New sunspots potentially herald increased solar activity
On May 29, 2020, a family of sunspots—dark spots that freckle the face of the sun, representing areas of complex magnetic fields—sported the biggest solar flare since October 2017. Although the sunspots are not yet visible (they will soon rotate into view over the left limb of the sun), NASA spacecraft spotted the flares high above them.
The flares were too weak to pass the threshold at which NOAA's Space Weather Prediction Center (which is the U.S. government's official source for space weather forecasts, watches, warnings and alerts) provides alerts. But after several months of very few sunspots and little solar activity, scientists and space weather forecasters are keeping their eye on this new cluster to see whether they grow or quickly disappear. The sunspots may well be harbingers of the sun's solar cycle ramping up and becoming more active.
Or they may not. It will be a few more months before we know for sure.
As the sun moves through its natural 11-year cycle, in which its activity rises and falls, sunspots rise and fall in number, too. NASA and NOAA track sunspots in order to determine, and predict, the progress of the solar cycle—and ultimately, solar activity. Currently, scientists are paying close attention to the sunspot number as it's key to determining the dates of solar minimum, which is the official start of Solar Cycle 25. This new sunspot activity could be a sign that the sun is possibly revving up to the new cycle and has passed through minimum.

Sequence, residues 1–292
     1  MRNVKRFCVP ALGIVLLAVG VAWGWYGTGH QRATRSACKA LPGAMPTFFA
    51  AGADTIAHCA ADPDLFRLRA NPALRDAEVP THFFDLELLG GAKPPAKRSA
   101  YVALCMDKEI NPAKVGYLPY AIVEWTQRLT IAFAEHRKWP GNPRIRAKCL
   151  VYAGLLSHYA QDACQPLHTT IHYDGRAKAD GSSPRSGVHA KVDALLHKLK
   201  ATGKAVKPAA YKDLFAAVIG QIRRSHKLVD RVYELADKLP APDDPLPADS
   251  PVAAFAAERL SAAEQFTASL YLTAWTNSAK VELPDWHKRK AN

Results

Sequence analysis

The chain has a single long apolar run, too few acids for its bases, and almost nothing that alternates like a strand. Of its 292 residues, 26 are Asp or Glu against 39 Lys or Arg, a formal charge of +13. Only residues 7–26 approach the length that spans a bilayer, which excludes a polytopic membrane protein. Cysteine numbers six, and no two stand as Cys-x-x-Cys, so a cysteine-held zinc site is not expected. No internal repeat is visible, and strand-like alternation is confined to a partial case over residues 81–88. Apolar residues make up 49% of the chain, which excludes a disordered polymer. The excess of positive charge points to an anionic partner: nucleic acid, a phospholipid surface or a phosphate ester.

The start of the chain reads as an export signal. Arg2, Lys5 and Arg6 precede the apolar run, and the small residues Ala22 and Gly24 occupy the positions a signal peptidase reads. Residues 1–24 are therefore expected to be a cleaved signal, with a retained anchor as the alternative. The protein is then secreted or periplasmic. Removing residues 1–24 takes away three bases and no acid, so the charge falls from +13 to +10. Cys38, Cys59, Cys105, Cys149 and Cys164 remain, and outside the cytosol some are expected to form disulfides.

However, it takes at least six months of solar observations and sunspot-counting after a minimum to know when it's occurred. Because that minimum is defined by the lowest number of sunspots in a cycle, scientists need to see the numbers consistently rising before they can determine when exactly they were at the bottom. That means solar minimum is an instance only recognizable in hindsight: It could take six to 12 months after the fact to confirm when minimum has actually passed.
This is partly because our star is extremely variable. Just because the sunspot numbers go up or down in a given month doesn't mean it won't reverse course the next month, only to go back again the month after that. So, scientists need long-term data to build a picture of the sun's overall trends through the solar cycle. Commonly, that means the number we use to compare any given month is the average sunspot number from six months both backward and forward in time—meaning that right now, we can confidently characterize what October 2019 looks like compared to the months before it (there were definitely fewer sunspots!), but not yet what November looks like compared to that.
On May 29, at 3:24 a.m. EST, a relatively small M-class solar flare blazed from these sunspots. Solar flares are powerful bursts of radiation. Harmful radiation from a flare cannot pass through Earth's atmosphere to physically affect humans on the ground, however—when intense enough—they can disturb the atmosphere in the layer where GPS and communications signals travel. The intensity of this flare was below the threshold that could affect geomagnetic space and below the threshold for NOAA to create an alert.
Nonetheless, it was the first M-class flare since October 2017—and scientists will be watching to see if the sun is indeed beginning to wake up.